As illustrated by FIG. 8, a list 210 is then generated representing a media object 212, which represents the sailboat photograph, and a collection of tag objects 214, 216 associated with the media object 212 by page objects 215, 217 (192). The tag objects 214, 216 represent the categories responsive to the user's request. An iterator 218 is generated to sequentially access the tag objects 214, 216 represented by the list 210. The list 210 and the iterator 218 are then used to sequentially access the data items represented by the tag objects 214, 216 (196). In this example, the user has requested the names of the categories including the sailboat photograph. The name of a category represented by a tag object can be included as metadata in the data item represented by the tag object. Accordingly, once the data items represented by the tag objects 214, 216 are accessed from the data store, the names of the categories can be determined from the metadata and returned to the user by way of the user interface (198).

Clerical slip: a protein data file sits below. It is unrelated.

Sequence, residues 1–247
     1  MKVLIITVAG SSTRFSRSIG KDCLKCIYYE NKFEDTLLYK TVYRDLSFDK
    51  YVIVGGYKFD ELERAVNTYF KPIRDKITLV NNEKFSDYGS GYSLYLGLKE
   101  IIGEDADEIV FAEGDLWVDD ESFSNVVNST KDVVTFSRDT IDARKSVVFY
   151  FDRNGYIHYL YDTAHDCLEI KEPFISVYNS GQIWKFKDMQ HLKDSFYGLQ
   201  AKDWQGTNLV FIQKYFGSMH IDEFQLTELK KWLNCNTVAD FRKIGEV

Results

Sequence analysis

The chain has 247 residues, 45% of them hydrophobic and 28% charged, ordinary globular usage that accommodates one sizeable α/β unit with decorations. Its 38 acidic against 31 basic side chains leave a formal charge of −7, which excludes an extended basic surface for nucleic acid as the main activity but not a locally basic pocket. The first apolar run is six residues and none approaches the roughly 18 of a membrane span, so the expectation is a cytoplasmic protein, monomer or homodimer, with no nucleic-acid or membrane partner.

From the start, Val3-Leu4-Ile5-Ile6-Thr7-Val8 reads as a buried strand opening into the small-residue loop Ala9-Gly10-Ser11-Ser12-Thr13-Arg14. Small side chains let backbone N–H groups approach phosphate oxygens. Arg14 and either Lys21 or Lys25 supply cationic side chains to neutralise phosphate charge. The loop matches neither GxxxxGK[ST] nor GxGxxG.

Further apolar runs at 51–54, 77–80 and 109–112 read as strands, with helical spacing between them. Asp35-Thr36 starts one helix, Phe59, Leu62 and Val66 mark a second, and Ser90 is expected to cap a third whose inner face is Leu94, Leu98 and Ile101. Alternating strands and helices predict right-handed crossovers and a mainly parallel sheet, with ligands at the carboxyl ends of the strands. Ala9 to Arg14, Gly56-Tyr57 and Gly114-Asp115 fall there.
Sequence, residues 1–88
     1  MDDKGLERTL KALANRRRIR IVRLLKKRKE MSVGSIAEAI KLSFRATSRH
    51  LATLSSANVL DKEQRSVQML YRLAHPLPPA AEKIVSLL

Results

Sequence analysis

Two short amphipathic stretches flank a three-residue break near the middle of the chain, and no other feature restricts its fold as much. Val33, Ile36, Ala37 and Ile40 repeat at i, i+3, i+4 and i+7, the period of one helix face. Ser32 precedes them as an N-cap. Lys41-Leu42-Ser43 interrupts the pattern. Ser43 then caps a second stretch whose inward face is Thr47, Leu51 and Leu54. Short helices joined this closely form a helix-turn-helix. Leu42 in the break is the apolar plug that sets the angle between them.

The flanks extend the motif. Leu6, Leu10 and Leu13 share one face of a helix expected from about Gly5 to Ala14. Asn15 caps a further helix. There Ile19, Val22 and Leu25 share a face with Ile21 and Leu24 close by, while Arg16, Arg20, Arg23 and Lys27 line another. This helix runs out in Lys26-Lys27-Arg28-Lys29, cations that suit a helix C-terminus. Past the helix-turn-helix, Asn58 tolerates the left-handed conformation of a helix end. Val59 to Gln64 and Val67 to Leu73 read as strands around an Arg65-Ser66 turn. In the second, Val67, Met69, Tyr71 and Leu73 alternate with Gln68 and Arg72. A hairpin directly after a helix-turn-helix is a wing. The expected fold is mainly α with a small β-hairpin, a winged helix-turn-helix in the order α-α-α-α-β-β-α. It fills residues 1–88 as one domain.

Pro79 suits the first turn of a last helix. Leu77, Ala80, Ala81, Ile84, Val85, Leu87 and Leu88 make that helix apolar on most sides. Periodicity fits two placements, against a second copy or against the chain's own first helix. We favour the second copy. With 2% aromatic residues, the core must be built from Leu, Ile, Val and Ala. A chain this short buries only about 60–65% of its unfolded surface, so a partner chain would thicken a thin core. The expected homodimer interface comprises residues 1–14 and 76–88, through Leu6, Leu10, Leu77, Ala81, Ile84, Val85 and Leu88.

A group including two or more categories of digital media can be defined, either by a user or automatically. A data item identifying the group by name and the categories included within the group can be represented by a group tag object, an instantiation of the group tag object class. A group tag object represents zero or more tag objects included in the group, each tag object representing zero or more media objects as described above. Each time a tag object is associated with a group tag object, a group member object is created. A group member object represents the relationship between a group tag object and a tag object, and is similar in concept to a page object in relation to a media object and a tag object.

FIG. 9 shows the relationship between a group tag, group member and tag objects. A group represented by a group tag object 230 includes three categories of digital media, represented by three tag objects 232, 234, 236. Group member objects 238, 240, 242 associate each tag object 232-236 and the group tag object 230. A category of digital media can be included in more than one group of categories. For example, as shown, the category represented by tag object 236 is not only a member of a group represented by the group tag object 230, but is also a member of the groups represented by group tag objects 244, 246 and 248. Group member objects 250, 252, 254 associate the tag object 236 with each of the group tag objects 244, 246, 248. All of the media objects associated with a group tag object, by associations with the tag objects included in the group, can be accessed by reference to the group tag object, described in further detail below.